Apple finally lets ‘reader’ apps like Kindle,
FILE PHOTO: The Apple Inc. logo is seen in the lobby of New York City’s flagship Apple store January 18, 2011. REUTERS/Mike Segar/File Photo/File Photo

This should help improve the user experience caused by Apple’s prior policies. Previously, if you downloaded the Netflix app but didn’t have an account, Netflix couldn’t provide you a link to establish one. Those without accounts found applications annoying, and developers who didn’t want to utilise Apple’s in-app payment mechanism (and lose 30% of their income) had to make it worse for prospective consumers. Now developers should be able to create a link to their website.

But developers can’t simply add a sign-up link to their app’s home screen and call it a day. To add an external link, you must first seek a “entitlement” from Apple’s developer support website. When referring a user to a developer’s site, Apple requires them to display a screen stating that any transactions will not be handled by Apple. They must also link to an Apple website explaining the dangers of sharing your data to a third-party developer.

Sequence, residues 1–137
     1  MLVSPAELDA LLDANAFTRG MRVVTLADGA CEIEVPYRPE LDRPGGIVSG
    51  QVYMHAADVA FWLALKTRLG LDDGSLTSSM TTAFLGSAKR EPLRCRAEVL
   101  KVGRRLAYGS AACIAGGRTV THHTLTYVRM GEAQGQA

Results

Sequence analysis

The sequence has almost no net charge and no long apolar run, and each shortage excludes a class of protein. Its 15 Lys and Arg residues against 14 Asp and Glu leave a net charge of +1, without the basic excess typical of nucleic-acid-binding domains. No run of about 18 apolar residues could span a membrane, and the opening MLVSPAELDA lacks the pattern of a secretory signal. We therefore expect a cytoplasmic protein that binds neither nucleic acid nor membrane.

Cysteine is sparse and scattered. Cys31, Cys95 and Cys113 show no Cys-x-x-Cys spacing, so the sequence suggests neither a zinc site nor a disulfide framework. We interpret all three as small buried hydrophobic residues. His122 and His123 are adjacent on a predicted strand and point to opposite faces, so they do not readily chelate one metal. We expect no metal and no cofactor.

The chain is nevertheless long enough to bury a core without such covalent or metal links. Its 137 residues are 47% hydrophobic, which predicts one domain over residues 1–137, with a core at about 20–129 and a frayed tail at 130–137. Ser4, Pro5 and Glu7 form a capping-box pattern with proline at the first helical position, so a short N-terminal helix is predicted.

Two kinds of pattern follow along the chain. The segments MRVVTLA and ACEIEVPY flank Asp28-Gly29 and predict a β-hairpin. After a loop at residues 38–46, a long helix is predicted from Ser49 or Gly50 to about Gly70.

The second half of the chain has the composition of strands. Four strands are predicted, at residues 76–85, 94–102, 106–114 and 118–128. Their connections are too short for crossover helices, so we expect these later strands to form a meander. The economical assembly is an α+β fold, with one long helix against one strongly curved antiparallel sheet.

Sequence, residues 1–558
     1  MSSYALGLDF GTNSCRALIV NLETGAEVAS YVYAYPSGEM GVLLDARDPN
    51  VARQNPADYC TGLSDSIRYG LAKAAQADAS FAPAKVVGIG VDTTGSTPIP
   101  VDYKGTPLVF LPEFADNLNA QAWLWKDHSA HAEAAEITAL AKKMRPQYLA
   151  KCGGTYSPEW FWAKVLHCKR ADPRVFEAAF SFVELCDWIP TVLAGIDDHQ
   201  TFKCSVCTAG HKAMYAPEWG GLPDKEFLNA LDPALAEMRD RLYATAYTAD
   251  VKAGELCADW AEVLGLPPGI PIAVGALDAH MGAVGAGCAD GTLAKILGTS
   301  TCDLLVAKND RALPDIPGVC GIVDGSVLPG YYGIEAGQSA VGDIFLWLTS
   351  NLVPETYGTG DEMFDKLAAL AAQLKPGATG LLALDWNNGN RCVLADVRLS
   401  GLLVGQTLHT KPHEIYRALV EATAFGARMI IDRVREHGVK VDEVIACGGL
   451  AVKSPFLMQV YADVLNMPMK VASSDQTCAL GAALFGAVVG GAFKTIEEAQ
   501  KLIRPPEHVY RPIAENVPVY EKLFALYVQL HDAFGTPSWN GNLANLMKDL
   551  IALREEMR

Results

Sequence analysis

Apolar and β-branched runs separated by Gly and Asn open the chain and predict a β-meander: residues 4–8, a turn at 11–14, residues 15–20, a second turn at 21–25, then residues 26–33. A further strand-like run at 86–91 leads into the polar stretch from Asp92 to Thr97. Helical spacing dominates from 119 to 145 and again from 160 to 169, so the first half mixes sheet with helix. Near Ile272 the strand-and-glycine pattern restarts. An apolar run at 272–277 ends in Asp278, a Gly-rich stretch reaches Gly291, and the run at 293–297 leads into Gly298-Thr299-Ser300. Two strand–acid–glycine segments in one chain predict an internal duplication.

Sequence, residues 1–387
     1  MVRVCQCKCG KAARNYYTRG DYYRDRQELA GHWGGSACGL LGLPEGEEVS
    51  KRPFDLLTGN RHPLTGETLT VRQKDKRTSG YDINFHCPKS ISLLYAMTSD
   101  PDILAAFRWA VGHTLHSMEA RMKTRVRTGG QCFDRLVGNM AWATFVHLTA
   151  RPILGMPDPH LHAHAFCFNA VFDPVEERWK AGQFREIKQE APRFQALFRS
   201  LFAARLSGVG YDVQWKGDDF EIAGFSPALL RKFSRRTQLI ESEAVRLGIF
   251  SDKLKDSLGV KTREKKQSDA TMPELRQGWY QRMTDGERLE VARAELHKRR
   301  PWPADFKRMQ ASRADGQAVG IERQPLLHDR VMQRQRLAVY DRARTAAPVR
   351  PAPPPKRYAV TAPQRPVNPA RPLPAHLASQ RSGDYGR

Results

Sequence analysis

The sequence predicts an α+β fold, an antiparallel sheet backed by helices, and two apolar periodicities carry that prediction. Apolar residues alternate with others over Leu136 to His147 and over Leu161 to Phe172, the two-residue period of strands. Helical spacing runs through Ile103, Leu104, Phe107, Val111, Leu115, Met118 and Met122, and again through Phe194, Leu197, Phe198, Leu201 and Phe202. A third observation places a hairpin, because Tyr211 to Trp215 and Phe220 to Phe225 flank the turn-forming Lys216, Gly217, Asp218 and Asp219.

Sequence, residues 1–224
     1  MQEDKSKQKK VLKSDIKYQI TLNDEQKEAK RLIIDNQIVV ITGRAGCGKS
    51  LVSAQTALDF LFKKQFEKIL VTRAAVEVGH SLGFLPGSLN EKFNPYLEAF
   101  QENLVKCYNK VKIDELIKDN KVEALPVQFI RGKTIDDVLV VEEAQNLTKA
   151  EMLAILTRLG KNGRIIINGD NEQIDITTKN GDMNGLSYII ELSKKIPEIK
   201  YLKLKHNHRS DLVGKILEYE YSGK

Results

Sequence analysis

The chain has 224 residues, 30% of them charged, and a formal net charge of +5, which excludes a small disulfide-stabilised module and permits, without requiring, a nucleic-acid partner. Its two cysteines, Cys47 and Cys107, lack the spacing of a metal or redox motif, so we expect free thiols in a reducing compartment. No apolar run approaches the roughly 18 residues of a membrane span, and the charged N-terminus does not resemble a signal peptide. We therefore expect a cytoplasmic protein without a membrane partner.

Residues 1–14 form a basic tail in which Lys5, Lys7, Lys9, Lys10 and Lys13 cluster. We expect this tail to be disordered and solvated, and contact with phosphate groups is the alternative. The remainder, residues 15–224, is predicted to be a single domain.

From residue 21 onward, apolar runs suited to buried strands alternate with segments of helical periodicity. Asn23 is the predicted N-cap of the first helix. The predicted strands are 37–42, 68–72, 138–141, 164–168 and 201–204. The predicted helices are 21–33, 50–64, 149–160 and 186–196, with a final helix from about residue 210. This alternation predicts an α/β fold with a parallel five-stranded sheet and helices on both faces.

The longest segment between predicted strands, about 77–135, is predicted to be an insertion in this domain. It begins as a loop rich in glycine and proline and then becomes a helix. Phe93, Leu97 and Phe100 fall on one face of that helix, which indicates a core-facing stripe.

Apple also has criteria for the connection itself. as in Opens in a browser, not in an app. Nothing else may be sent to the website. Your app can’t state “touch this button to join up for Netflix, beginning at $9.99 a month.” Apple will, of course, approve app updates before they go live. Likely there will be some teething pains when creators believe their product meets Apple’s criteria, but App Review disagrees.